Wheat pennies were made from the years 1909-1958.
In early 1909, the American sculptor, engravor and medalist, Victor David Brenner, was asked to design a new penny after the Indian cent had circulated for 50 years. After a while he chose the Lincoln head and the wheat back. His initials VDB were prominently placed under the wheat symbol in the back. There was instant public complaint about the initials being so big, so after only a month of minting, they took out the initials. in total there were only 484,000 1909-S VDBs and 27,000,000 1909 VDBs made. The 1909-S VDB is by far the most valuable Lincoln penny in existence other than specific error coins. In 1918, they put the much smaller initials VDB under the shoulder on the obverse side.
The steel penny:
In 1943, as with nickel, there was a shortness in copper, because the military needed the copper for ammunition and other military equipment. So the mint tried using plastics and other metals but they decided to use steel coated zinc alloy for pennies. The steel penny is the only US coin to be magnetic. The steel penny was minted in all three mints ( Denver, San Francisco, and Philadelphia). In a vending machine there is a magnet that pulls out steel objects that clog the machine, so the steel penny stuck to the machine. This created problems, so in 1944 the mint reverted the composition back to the original copper alloy. Then in the 1960s the mint collected large numbers of the steel pennies and destroyed them.
The 1955 double die:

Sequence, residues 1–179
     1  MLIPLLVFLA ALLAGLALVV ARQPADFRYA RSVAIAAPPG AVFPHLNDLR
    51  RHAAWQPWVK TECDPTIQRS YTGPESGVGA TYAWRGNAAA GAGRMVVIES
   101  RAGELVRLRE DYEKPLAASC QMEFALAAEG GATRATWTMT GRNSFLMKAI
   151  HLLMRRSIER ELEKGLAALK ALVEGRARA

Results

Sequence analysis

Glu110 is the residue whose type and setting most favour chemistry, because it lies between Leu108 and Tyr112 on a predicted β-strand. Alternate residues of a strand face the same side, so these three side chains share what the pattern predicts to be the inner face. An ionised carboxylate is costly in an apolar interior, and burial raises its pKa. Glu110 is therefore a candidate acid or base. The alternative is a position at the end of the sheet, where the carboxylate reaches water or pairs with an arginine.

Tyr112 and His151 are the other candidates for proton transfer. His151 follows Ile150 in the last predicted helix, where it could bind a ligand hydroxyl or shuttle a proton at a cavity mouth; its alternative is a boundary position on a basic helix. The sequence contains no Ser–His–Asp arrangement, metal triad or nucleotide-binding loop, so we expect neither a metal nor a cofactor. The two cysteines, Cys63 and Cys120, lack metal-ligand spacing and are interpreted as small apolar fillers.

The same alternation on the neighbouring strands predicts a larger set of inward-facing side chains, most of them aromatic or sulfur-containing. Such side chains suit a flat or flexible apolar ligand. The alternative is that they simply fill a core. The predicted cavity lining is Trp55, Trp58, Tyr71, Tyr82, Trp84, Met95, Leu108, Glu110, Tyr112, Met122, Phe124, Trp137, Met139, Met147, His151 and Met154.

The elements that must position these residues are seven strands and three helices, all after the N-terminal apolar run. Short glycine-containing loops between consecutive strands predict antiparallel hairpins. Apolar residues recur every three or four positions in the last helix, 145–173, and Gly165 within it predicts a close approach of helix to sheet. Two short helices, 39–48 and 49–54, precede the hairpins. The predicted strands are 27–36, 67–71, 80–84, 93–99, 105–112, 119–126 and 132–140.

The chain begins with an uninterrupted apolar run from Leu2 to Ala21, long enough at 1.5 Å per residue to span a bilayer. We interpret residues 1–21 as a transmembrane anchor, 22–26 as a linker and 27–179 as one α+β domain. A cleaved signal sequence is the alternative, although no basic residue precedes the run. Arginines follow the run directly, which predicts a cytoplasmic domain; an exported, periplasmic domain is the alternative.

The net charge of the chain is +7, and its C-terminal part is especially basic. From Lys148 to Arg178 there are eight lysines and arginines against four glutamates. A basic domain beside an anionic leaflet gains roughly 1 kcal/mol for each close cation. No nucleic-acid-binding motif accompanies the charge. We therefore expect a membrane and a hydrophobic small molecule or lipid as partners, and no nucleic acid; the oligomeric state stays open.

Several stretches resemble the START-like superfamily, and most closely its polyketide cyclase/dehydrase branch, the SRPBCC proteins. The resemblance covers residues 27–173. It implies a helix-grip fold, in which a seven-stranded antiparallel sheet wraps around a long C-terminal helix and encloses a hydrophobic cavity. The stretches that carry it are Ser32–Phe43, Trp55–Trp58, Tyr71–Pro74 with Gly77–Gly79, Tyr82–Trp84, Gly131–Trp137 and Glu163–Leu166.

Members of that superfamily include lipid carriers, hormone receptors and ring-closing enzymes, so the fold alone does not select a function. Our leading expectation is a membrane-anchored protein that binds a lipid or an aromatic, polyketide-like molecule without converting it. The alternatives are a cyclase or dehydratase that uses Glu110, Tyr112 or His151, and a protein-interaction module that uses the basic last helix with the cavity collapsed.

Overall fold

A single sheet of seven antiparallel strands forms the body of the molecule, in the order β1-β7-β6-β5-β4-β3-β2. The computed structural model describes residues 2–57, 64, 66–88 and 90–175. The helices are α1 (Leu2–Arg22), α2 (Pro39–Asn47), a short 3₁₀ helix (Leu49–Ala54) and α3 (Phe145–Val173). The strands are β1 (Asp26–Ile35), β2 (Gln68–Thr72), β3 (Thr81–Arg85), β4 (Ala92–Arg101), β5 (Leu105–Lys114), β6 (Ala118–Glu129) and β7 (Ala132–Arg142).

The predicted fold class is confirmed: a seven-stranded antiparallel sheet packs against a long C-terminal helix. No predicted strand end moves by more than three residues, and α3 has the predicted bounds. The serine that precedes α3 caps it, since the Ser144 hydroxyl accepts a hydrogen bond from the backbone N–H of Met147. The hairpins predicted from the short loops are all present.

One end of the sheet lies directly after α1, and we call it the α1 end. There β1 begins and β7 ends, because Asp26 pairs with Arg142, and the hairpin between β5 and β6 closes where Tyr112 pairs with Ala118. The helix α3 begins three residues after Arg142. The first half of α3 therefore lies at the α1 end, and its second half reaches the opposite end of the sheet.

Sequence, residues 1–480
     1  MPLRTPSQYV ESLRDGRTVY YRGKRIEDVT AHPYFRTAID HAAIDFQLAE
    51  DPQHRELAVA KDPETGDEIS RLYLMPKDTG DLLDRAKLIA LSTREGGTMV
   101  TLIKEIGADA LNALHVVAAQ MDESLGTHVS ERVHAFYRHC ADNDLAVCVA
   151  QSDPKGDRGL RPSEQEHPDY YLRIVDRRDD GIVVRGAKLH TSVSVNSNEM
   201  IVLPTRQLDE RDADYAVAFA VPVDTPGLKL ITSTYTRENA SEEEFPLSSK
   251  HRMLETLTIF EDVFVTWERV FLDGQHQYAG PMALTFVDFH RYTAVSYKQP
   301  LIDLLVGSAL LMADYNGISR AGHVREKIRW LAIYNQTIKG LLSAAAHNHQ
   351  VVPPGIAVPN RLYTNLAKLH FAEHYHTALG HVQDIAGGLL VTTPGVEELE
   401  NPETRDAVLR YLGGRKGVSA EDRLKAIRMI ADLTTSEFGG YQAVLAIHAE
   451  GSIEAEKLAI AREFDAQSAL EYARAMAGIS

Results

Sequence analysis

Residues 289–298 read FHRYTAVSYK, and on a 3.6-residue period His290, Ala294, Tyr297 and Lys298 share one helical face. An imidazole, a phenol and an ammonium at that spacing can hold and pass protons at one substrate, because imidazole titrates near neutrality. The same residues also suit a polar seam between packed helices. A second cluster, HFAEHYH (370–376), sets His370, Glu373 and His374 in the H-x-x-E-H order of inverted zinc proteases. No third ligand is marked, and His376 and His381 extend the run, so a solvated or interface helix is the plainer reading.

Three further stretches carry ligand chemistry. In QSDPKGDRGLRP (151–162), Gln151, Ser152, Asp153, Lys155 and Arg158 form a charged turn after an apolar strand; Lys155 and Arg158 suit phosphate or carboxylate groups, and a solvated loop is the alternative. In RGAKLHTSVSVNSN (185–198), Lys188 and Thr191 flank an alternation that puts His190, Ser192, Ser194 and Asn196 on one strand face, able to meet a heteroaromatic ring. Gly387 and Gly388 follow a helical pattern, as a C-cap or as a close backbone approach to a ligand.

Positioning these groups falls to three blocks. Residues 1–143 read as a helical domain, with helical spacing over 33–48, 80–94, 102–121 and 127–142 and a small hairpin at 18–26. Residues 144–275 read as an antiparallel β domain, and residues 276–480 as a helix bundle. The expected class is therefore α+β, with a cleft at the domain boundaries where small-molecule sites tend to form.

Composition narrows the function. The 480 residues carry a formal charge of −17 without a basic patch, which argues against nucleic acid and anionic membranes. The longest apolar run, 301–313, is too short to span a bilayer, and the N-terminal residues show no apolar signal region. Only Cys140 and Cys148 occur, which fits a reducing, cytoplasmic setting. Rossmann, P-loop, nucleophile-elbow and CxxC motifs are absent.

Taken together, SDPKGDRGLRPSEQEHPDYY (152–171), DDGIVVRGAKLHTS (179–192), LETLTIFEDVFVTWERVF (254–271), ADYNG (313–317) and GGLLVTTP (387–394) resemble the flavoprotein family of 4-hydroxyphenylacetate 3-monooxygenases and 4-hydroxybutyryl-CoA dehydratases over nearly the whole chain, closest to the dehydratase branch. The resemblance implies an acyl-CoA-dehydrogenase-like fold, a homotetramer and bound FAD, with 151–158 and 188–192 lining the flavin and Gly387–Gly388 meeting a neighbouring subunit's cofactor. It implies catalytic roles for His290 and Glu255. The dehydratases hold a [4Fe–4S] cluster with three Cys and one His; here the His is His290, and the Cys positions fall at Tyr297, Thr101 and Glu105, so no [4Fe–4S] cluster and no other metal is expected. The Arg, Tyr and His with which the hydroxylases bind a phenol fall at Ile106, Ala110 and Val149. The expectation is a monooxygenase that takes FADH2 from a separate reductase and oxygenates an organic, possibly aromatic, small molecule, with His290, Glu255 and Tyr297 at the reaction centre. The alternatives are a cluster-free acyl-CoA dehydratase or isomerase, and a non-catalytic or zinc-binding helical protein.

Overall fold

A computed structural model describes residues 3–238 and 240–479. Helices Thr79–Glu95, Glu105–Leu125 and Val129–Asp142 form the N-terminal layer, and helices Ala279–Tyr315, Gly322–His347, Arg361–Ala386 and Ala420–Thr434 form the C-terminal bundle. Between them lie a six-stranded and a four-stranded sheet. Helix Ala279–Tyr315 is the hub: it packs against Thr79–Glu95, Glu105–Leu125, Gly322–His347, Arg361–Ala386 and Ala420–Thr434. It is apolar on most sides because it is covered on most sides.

The 1955 double die was only minted in Philadelphia. There was a time when on accident the die moved a little before it struck again. This made a double image. There where 24,000 1955 double dies made. The 1955 "poor man's double die" was from eroded and distorted dies to make part of the date look doubled. The 1955 double die penny is very valuable
Key dates are rare coins. There are many key and semi-key dates to look for. Here is a list of them: the 1909-S with 1.8 million made, the 1914-D with 1.2 million made, the 1931-S with 866,000 made. The semi-key dates are: 1910-S with 6,045,000 made, 1911-S with 4,026,000 made, 1912-S with 4,431,000 made, 1913-S with 6,101,000 made, the 1914-S with 4,137,000 made, 1915-S with 4,883,000 made, 1924-D with 2,052,000 made. There is also, of course, the 1909-S VDB and the 1909 VDB mentioned above. It is rare that you will ever find a key date or a semi-key date in circulation. If you want one, you will have to buy it from eBay or somewhere else.
There are a lot of error pennies there are off-centered. These are not very valuable because most of them are not very off centered.
Another error is where the penny was struck through cloth, and these are very rare and are worth a lot. On eBay they can sell for at least $600. There is also struck through grease or wire or any foreign object in the mint but they are not as rare.
The die clash error is where the dies clash to make you see the back of the coin from the front, It is a result of the two dies colliding to make part of the die have the design of the back. It is very rare. On eBay it has a average cost of $8 or more.
The rotated die error is where one or both of the dies are rotated. The back is the part that looks rotated. Pennies have to be rotated at least 15 degrees before it is collectible. You can find pennies with less than 15 degrees in circulation. If it is more than 90 degrees it is worth a lot. On eBay it is worth on average $50 or more if it is more than 90 degrees.
The cheapest way to find wheat pennies is to look through rolls of pennies. A box ($25 of pennies) will on average get you 10 wheat pennies, although they will be mostly from the 1940s-1950s some are from the 1930s or 1920s. Still, coin roll hunting is a great way to start your wheat penny collection.
Do you have children in your life? A really fun treasure hunt penny roll can be bought from us for $15, which includes a wide variety of interesting pennies.
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